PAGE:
“We’re looking forward to the Preakness,” Walden said. “He looked like to me, other than that irritation (on a hind leg), he came out of the race great. He looked bright and was feeling very good, had a good energy level.”
WinStar will be attempting to visit the Preakness Stakes winner’s circle for the first time.
“We haven’t won a Preakness, except that we had secured (2016 winner) Exaggerator for stallion duty,” Walden said Sunday. “We didn’t have any ownership in the horse until he retired. But yeah, that’s the one race we haven’t had a win it yet. So it would be exciting to actually do that.
“It’s a little bit looser atmosphere; there isn’t as much pressure. With Justify you might feel a little more pressure. We might have the same pressure as coming into Kentucky, with the expectations being so high. But it’s a good week in Baltimore. They do a great job making you feel welcome. They’re excited you’re in town and they are very accommodating. And it’s also kind of a short buildup. With the Kentucky Derby, we’ve been worrying about this, thinking about it, living and breathing it for three months now as you walk through these preps. This is a quick turnaround. This is going to feel like this,” added Walden, snapping his fingers, ‘when the Preakness comes a week from Saturday.”
Lukas Doubling Up in Quest for 7th Preakness Win
Hall of Fame trainer D. Wayne Lukas will have two chances to get a record-tying seventh Preakness victory, with both Bravazo and Sporting Chance on target for the 1 3/16-mile classic. Lukas said he expects to have his jockeys finalized by this Wednesday.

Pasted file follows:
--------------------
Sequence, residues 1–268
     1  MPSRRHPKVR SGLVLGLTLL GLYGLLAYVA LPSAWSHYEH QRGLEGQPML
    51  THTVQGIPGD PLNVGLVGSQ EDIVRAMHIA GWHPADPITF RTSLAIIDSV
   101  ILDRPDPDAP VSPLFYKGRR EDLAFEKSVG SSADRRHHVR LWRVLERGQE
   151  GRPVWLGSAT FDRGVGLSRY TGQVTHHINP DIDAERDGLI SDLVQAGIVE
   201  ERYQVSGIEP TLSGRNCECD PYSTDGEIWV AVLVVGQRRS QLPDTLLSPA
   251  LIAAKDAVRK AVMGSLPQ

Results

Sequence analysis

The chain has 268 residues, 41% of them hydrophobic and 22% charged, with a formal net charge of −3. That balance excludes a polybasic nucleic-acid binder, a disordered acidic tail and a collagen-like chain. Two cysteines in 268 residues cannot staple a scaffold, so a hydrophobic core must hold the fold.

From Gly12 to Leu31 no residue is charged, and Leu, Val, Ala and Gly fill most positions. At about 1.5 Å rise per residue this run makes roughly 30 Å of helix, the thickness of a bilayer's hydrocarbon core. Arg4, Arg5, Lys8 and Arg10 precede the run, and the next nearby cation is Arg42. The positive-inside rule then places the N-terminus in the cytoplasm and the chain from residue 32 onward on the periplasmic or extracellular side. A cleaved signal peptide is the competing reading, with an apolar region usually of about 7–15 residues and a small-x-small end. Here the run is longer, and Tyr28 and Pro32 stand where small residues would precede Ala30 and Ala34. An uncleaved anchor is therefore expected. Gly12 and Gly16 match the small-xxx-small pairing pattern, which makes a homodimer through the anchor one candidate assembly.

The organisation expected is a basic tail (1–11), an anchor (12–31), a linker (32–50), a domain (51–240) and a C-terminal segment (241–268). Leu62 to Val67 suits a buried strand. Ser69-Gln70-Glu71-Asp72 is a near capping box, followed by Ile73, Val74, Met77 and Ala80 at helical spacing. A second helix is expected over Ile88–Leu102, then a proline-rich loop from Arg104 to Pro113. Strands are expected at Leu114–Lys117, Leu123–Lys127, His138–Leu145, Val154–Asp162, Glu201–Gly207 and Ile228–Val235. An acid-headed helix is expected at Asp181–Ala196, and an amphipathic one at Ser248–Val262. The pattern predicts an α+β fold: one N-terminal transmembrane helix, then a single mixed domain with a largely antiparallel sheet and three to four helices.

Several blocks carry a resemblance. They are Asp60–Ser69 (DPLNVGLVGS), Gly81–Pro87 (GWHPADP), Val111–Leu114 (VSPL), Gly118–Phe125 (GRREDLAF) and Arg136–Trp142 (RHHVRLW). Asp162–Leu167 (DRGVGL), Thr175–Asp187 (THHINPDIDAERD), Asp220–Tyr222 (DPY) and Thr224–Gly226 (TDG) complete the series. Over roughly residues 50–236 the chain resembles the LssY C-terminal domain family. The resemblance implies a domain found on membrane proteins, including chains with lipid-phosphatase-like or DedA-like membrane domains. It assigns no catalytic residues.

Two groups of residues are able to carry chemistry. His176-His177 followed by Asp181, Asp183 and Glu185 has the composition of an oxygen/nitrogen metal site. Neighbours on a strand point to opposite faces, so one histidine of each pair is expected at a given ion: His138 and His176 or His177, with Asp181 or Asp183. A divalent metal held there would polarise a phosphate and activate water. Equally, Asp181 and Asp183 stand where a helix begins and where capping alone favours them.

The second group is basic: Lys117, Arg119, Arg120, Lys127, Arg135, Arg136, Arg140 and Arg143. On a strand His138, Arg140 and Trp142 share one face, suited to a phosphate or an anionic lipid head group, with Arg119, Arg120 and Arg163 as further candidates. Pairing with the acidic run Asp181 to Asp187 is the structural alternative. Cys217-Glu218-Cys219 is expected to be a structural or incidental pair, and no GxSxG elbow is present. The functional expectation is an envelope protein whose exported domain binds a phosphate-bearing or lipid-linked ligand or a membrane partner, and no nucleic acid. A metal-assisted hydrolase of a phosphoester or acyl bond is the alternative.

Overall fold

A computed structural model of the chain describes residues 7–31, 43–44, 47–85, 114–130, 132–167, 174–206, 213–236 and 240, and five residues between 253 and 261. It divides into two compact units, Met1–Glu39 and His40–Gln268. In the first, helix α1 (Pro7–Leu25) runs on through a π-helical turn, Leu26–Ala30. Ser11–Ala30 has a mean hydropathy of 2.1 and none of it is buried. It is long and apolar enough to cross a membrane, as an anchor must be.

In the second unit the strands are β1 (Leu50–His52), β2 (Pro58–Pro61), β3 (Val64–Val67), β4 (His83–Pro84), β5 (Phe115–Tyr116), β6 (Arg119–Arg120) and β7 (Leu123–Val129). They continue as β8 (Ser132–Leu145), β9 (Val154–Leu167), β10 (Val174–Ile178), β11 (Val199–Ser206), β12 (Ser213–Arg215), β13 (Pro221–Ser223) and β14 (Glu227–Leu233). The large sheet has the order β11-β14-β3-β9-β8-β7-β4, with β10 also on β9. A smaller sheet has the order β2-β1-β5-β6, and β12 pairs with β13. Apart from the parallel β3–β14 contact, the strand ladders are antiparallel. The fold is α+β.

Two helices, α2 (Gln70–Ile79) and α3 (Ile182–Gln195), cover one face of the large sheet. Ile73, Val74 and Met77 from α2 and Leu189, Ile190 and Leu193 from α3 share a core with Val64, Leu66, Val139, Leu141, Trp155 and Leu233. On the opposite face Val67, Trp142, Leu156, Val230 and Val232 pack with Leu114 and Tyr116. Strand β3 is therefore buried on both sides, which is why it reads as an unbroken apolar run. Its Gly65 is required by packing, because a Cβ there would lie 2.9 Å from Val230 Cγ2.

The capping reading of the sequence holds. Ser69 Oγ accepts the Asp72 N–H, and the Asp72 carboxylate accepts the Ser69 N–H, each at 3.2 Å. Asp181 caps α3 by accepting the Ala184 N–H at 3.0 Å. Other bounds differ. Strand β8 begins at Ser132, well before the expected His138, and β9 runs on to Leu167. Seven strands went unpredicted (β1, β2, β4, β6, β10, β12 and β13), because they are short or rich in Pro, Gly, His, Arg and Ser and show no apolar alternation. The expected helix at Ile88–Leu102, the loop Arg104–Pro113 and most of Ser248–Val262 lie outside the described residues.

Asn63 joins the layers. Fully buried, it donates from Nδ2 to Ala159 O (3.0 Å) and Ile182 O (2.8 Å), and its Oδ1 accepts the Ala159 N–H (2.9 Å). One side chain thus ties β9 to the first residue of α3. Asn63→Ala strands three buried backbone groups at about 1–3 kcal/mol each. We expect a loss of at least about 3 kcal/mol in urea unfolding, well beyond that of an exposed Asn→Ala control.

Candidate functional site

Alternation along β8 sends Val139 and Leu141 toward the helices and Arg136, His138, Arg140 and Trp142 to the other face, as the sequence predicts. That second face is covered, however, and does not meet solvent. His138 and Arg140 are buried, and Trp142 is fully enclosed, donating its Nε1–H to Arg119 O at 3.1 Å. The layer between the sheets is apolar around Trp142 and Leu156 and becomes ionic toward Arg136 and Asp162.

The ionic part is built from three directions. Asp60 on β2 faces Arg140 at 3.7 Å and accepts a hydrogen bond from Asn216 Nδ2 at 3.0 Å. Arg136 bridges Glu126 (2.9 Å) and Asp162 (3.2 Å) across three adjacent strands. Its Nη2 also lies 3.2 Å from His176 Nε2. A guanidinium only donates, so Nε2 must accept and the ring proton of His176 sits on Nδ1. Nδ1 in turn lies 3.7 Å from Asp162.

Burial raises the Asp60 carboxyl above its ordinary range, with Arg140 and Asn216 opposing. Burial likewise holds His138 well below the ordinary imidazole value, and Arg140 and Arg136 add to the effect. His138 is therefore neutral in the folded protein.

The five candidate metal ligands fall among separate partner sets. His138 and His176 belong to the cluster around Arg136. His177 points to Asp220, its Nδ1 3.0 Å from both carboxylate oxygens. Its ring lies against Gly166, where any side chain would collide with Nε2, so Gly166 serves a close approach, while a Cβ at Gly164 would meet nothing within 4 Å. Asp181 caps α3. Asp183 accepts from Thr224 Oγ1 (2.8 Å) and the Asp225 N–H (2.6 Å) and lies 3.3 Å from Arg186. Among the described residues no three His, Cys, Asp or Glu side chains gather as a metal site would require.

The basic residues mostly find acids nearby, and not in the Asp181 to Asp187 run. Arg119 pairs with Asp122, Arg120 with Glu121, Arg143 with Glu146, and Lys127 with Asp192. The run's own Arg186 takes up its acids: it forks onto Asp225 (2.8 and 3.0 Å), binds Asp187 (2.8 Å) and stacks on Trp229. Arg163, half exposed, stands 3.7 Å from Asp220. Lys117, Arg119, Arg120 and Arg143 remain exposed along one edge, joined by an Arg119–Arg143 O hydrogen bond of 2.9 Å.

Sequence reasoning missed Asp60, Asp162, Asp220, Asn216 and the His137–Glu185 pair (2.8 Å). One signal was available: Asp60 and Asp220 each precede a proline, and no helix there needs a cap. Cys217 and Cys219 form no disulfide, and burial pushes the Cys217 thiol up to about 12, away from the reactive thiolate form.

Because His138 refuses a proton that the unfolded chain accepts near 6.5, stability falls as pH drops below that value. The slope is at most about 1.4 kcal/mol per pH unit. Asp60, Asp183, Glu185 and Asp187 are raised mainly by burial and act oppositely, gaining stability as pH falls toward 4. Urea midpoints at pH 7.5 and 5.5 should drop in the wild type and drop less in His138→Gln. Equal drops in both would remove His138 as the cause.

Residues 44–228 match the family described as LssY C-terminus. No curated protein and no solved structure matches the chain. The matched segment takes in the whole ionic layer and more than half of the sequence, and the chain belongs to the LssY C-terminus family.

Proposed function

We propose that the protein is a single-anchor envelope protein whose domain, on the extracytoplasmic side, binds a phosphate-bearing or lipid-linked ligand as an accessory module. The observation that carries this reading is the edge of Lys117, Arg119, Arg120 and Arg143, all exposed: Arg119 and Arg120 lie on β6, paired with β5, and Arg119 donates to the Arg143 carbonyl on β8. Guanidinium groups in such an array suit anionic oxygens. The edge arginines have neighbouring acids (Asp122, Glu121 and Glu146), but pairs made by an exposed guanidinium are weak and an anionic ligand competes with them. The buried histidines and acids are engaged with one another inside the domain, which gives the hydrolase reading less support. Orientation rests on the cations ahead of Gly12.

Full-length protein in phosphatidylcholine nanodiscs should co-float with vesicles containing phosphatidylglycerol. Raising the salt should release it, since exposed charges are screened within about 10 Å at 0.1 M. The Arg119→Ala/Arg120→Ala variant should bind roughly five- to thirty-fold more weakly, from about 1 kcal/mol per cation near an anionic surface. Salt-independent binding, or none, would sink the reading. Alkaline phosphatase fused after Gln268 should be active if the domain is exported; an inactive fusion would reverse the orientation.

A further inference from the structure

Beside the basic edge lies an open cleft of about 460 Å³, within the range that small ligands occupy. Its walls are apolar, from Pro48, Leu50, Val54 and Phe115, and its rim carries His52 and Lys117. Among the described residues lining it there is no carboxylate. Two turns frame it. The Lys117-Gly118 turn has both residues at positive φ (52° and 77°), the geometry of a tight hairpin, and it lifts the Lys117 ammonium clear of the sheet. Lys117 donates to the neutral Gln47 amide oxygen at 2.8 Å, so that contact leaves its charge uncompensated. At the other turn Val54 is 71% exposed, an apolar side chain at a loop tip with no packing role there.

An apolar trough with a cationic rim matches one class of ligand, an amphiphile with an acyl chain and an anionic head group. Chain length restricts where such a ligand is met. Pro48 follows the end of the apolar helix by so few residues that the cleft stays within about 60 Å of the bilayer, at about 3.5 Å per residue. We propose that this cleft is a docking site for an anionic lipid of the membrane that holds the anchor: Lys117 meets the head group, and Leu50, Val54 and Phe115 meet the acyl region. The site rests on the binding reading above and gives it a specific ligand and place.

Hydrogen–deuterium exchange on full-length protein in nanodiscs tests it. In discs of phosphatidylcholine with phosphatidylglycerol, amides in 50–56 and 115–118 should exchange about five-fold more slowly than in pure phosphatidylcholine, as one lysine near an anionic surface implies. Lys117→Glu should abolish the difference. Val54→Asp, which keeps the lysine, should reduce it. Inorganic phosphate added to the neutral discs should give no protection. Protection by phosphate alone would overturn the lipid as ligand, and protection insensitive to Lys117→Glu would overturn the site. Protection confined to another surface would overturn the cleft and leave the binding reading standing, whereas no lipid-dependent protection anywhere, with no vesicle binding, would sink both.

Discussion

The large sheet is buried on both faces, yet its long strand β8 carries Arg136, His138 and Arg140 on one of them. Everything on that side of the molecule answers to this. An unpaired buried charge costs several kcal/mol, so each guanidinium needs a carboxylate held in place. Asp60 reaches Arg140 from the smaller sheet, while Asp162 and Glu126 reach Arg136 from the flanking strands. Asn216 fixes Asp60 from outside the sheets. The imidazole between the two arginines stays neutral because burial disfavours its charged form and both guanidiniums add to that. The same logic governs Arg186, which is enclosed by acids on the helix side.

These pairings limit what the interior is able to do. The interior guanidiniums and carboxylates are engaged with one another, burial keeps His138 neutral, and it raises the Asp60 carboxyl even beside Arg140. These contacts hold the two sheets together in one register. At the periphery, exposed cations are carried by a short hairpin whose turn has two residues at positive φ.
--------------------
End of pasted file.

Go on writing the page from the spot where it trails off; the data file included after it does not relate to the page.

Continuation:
Bravazo finished eighth in the Kentucky Derby after making a big move around the far turn to the sixteenth pole before weakening. Sporting Chance, winner of last summer’s Hopeful Stakes (G1) at Saratoga, rallied late to get fourth in the Pat Day Mile (G3) on the Derby undercard.
Both colts had a walk day Tuesday and will resume training Wednesday at Churchill Downs, Lukas said.
“They’re doing great,” Lukas said. “They are both bright and were out there on the grass [grazing] full of themselves.
“We’re looking forward to it. Sporting Chance got roughed up pretty good about the half-mile pole. A horse came over and hit him in the hip and spun him around and the rider darn near came off. But then he recovered and finished well. It is what it is. We all ran over the same surface,” Lukas added.
“Realistically it’s Justify’s race to lose, just that simple. He’s the best horse. Not always the best horse wins in the Kentucky Derby, and this year the best horse won. To go into Baltimore and take him back on is definitely going to be a challenge. I’ll never be afraid, but I’m realistic enough to know he’ll be very difficult to beat. But you can’t mail it in. They run and things happen. We’ve been there before. I mean, Oxbow wasn’t supposed to beat those horses either, and he did easy.”
Oxbow finished sixth in the 2013 Kentucky Derby before handily beating Derby winner Orb in the Preakness to give Lukas his most recent Triple Crown triumph.
Lukas said the horses will likely van to Pimlico Monday
Other 3-year-olds being considered for the Preakness are G M B Racing’s Lone Sailor, who finished eighth in the Derby; Cash is King and D.J. Stable and LC Racing’s Diamond King, the winner of the Federico Tesio at Laurel last time out; Winchell Thoroughbreds’ Tenfold, fifth in the Arkansas Derby, and Valene Farm’s Givemeaminit, who finished third in the Pat Day Mile.
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The second jewel of the Triple Crown will be run on Saturday May 19 at Pimlico. The big day of racing has seven supporting stakes including the Sir Barton Stakes, Miss Preakness Stakes (G3), Dixie Stakes (G2), Gallorette Handicap (G3), James W. Murphy Stakes, The Very One Stakes and the Maryland Sprint Stakes (G3). Report available by May 18